The Foothills of Love’s Everest
“Jesus, knowing that the Father had given all things into His hands, and that He had come from God and was going back to God, rose from supper. He laid aside His outer garments, and taking a towel, tied it around His waist. Then He poured water into a basin and began to wash the disciples’ feet…”
Ascending the Foothills of Love’s Everest
This is an amazing passage. To begin with, it’s important to note that John has already framed this scene within the context of Christ’s perfect and to-the-end love for His people. He makes this clear in verse one:
“having loved His own who were in the world, He loved them to the end”
John is setting us up to recognize that in these verses we are peering into the heart of Love Himself. Over the next few chapters, the readers of John’s gospel are going to be swept upward into the dizzying mountain heights of divine love, climaxing in the outpoured life of God the Son, and our ascent begins here, with a foot washing.
The Sort of Heart that Washes Feet
In order to see the beauty of Christ’s actions here, we need to notice something in verse 3, namely, that Jesus knew that all authority was given to Him by the Father and that He had come from manifest glory in the presence of the Father and was returning to that manifest glory. Here, sitting in the upper room, eating dinner with His friends, is God the Son. And because Jesus knows this about Himself, He rises from the table.
Now, I say “because” of this knowledge rather than “in spite” of this knowledge very intentionally. If I were to say, “Jesus knew He had all the glory and authority of God, and in-spite of that, He still served His friends,” I would be implying that there is dissonance between the glory (i.e., character) of God and service to the beloved. This is not the case! In fact, God’s glory is most manifest, His “God-ness” is proclaimed most clearly through an act of self-giving love like this washing of the disciples feet (or, far more completely, the Son’s death on the cross). So, because Jesus had all the glory and authority of God, He acted like God and gave Himself for the good of the beloved…..first by washing their feet, then by laying down His life.
Next, notice the detail with which John walks us through this process. It is as if the evangelist puts his narrative into slow motion so that we are forced to focus on the wonder of Christ’s condescending love. John breaks this act of the Lord’s love into seven sections.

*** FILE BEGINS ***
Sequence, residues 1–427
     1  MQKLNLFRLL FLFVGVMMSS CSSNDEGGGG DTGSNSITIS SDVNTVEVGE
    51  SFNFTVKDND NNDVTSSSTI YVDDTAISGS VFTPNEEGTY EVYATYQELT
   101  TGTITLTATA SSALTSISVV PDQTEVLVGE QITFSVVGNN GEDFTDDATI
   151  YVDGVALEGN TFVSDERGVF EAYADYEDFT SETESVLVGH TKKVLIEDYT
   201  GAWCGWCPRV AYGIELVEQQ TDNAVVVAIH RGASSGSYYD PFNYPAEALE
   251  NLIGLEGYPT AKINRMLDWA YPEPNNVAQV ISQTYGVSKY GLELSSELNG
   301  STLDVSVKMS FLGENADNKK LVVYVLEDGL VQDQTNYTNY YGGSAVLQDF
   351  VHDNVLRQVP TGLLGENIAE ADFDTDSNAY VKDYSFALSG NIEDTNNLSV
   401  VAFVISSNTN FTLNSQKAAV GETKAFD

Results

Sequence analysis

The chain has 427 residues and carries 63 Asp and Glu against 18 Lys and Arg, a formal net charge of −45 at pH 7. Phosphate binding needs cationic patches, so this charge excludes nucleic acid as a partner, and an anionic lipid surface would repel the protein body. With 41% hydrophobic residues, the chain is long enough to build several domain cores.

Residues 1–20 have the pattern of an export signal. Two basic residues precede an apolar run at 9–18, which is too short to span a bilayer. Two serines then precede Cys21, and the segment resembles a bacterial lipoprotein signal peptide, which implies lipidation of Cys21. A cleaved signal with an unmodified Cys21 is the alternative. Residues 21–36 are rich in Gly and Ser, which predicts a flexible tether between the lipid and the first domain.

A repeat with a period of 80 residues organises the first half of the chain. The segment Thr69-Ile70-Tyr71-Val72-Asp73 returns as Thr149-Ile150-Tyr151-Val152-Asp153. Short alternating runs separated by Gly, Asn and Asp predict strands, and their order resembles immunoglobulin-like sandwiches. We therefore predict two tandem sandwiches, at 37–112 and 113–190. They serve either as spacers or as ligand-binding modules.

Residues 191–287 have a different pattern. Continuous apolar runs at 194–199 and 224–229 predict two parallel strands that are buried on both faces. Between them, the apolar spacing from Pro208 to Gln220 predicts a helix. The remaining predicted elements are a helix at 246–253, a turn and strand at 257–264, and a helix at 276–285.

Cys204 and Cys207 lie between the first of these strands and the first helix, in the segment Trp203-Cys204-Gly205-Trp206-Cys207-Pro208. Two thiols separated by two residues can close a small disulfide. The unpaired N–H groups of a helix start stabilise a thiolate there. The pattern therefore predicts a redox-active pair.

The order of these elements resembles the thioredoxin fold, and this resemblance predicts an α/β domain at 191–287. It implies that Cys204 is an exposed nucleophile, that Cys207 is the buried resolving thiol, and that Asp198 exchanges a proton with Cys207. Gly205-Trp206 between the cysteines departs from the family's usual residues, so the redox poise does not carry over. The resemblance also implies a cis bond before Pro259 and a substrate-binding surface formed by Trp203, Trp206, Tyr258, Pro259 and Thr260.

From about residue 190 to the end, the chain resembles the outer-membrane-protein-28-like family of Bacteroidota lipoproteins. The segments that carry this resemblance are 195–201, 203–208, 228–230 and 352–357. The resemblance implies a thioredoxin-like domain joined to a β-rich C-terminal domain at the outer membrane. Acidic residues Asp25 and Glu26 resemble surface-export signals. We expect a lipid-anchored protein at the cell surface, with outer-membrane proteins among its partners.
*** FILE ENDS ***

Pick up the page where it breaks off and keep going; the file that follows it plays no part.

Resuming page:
1) rose from supper
2) laid aside His outer garments
3) took a towel
4) tied it around His waist
5) poured water in a basin
6) washed His disciples’ feet
7) wiped their feet with the towel wrapped around Him.
Now, John could simply have said, “Jesus washed their feet,” but he wanted us to linger there…here wanted us to see it happening, he wanted us to worship and wonder with him that the Lord of Glory, the Eternal Word, would clothe Himself as a servant for His beloved ones. Awesome.
A Miniature “Incarnation”
Essentially what we see in this foot-washing account is a microcosmic parable of the incarnation. Just as Jesus rises from His place of privilege at the table and sets aside His outer garments for those of a servant, so Paul tells us that Jesus did not count equality with God something to be used for His own advantage, but He made Himself nothing, taking on the form of a servant by becoming a human being (Philippians 2:6). Just as He entered into our lowly state in order to lift us to Himself, so here, God the Son lowers Himself to the task of a slave in order to show His disciples the heights of love….This is the love of God on display….this is glory on display, holiness on display, YHWH on display…..He is the God who wields His sovereign authority in self-giving love for the good of His people.
May we first and foremost see our God’s heart in Christ and recognize Him to be the most beautiful reality in all existence. And then–as an overflow of this all-satisfying sight–may we be conformed to the same image of life-laying-down love for those around us. For His Name’s sake.